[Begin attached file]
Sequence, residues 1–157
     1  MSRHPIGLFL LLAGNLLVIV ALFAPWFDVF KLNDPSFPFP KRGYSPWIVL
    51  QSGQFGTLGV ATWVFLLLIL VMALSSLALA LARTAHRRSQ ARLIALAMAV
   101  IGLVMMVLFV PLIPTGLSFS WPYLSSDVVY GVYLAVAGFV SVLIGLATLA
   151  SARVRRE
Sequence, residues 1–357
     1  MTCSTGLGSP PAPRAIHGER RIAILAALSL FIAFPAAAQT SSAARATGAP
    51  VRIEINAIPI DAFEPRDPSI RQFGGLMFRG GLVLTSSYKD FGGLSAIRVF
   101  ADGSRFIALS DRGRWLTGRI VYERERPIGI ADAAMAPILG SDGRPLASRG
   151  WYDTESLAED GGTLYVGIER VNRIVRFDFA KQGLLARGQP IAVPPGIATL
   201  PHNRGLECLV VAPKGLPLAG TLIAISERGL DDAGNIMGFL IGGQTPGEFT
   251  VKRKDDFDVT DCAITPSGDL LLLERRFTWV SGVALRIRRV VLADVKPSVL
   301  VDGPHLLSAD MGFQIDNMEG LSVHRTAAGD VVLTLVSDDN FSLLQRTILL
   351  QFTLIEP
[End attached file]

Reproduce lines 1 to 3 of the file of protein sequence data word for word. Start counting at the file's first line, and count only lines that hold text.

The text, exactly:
Sequence, residues 1–157
     1  MSRHPIGLFL LLAGNLLVIV ALFAPWFDVF KLNDPSFPFP KRGYSPWIVL
    51  QSGQFGTLGV ATWVFLLLIL VMALSSLALA LARTAHRRSQ ARLIALAMAV